the membership of the Environment and Agricultural Committee to study land
management, protection of farmland, rural character, environmental quality,
and sprawl. This bill also authorizes the committee to monitor progress
of sprawl avoidance action in the state, and publicize its purpose and
any results of its actions.
HB 636 Brownfields Transfer (1997) This bill clarifies a municipality's ability
to acquire environmentally contaminated property, without liability for
the contamination, in order to convey the property to an eligible person
in the brownfields program and allows municipalities to grant tax abatements
to facilitate the transfer of the property.
and Cultural Byways Program The Office of State Planning, in cooperation
with the Department of Transportation, has undertaken a program to create
a statewide byways system that features natural and cultural resources
for the purpose of attracting New Hampshire travelers and out-of-state
tourists. The Scenic and Cultural Byways Program has established a process
for nominating roads as official State Byways, designated over 900 miles
of road as Scenic Byways throughout the state and has undertaken corridor
management plans in the Connecticut River Valley, North Country, Lakes
Region, Lake Sunapee Region, and the Seacoast and supports related activities
pursuant to those byways. Designation to the state-wide network makes a
byway eligible for federal transportation TE-21 funds that allow up upgrading
pedestrian facilities, protection of byway resources and promotional material.
to Governor Shaheen on Sprawl This report is in response to Governor Jeanne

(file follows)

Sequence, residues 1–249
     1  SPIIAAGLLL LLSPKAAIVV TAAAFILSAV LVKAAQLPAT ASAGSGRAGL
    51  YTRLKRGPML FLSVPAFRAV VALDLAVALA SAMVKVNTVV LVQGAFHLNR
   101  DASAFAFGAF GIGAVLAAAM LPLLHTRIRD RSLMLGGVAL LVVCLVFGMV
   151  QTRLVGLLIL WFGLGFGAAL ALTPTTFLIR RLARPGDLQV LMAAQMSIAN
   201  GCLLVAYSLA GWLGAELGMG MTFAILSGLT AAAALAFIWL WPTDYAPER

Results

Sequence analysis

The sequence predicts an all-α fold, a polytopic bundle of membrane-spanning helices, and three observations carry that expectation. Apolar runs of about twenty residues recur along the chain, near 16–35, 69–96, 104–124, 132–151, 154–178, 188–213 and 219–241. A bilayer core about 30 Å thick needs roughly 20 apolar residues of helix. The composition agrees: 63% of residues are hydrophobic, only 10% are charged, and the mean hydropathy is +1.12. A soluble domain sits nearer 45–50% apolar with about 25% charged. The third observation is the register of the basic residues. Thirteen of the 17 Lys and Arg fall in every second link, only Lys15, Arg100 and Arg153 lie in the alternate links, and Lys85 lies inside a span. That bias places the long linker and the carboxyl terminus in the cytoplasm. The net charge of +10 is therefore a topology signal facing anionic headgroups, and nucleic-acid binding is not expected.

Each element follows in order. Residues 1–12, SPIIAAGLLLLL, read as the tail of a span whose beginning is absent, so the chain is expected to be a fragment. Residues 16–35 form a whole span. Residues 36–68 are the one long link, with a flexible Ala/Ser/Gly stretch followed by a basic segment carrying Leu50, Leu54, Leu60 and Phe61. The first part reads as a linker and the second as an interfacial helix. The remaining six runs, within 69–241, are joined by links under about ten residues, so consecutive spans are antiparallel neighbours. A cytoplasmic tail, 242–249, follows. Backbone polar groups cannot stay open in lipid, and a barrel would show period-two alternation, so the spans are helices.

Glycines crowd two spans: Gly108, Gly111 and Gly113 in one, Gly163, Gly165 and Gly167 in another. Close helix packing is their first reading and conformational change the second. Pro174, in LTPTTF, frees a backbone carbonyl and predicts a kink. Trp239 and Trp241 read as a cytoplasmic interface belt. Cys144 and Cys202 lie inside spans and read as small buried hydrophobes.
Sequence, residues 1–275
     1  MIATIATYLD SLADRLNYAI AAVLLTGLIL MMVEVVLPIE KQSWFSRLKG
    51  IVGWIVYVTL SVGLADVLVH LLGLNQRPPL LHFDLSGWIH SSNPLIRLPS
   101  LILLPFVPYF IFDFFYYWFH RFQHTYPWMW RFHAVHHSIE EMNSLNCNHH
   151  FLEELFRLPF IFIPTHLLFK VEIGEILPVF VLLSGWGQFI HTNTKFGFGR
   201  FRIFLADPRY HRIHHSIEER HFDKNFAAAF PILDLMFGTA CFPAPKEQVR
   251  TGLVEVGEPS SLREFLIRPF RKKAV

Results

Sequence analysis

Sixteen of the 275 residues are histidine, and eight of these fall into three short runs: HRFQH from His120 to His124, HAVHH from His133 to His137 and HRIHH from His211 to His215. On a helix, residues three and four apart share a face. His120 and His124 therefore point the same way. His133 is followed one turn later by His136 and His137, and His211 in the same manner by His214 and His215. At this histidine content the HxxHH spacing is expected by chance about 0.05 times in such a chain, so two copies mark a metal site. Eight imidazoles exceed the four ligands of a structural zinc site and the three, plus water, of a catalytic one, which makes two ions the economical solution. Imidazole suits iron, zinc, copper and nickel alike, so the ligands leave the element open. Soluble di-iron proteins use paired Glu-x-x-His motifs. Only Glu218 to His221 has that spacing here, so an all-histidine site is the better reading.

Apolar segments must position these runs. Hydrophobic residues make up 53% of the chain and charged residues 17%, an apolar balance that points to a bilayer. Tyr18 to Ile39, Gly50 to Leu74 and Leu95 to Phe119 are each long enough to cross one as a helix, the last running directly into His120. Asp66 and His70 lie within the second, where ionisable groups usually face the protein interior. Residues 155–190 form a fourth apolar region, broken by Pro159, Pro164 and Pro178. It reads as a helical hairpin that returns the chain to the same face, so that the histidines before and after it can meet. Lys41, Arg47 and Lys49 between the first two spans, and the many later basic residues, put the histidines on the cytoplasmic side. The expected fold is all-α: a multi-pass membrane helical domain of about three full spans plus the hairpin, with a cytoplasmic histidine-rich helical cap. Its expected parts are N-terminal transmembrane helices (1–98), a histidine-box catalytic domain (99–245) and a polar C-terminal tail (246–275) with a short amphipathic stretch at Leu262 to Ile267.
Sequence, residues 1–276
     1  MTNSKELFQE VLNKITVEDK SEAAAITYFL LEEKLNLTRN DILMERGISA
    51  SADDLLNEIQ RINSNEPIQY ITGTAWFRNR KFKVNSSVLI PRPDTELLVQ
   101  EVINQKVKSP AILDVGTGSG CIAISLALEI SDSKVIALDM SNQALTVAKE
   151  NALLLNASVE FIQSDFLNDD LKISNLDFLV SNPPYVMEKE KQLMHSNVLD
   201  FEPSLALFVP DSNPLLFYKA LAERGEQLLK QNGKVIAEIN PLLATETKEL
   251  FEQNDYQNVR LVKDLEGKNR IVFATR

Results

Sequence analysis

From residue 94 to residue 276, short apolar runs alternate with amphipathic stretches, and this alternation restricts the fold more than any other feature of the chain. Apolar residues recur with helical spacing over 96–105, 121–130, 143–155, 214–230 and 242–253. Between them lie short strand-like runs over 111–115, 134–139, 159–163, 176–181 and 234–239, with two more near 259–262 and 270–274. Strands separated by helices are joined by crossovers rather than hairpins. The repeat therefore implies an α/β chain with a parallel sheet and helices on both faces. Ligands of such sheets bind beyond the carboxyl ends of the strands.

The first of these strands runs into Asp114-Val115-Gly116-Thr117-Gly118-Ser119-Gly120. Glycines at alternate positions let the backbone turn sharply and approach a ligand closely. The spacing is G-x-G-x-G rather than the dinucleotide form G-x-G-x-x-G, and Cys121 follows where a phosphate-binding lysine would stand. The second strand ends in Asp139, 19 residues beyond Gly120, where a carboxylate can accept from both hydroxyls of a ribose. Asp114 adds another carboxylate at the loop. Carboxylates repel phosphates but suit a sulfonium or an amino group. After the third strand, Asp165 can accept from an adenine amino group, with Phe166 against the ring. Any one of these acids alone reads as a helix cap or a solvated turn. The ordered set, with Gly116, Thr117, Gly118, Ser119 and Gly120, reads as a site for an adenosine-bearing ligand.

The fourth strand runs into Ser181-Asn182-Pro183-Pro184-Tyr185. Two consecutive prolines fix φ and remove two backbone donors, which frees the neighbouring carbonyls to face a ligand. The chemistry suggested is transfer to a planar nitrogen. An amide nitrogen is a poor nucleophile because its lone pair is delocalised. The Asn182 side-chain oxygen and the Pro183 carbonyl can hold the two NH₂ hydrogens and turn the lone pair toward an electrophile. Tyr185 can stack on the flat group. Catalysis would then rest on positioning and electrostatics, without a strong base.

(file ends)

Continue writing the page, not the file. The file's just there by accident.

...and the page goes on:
Shaheen's Executive Order 99-2, her proclamation directing state agencies
both to recognize the importance of preserving New Hampshire's traditional
communities and landscapes, and to evaluate actions they either are taking
or might be taking to further that goal. That order underscores the importance
of our landscape features as contributors to the overall quality of life
in New Hampshire. It recognizes the impact that public actions by state
agencies may have on these features, as individual decisions are made in
rulemaking, in grant making, and in deciding where to locate state offices
and other public facilities.http://www.state.nh.us/governor/sprawl.pdf
"House gets ready to be land locked: Sides differ
on how much to give to conservation program," Concord Monitor. March 21,
Organizations: American Farmland Trust Northeast Field Program
110 Spring Street
Saratoga Springs, NY 12866
Hampshire Main Street Center The NHMSC was established in 1996 as a separate
and private, statewide delegate agency of CDFA, dedicated to empowering
communities within the state to maintain, strengthen and revitalize the
unique physical, economic, historical and cultural characteristics of its
own downtown centers.
1 Ch. 197 of the
N.H. Laws of 1998 (H.B. 1238). It's statement of purpose, the law asserts
that sprawl has disrupted the traditional character of New Hampshire Communities,
contributing to a loss of "a sense of place."
2 Land Use Management
and Farmland Preservation Study, Final Report (Oct. 1998).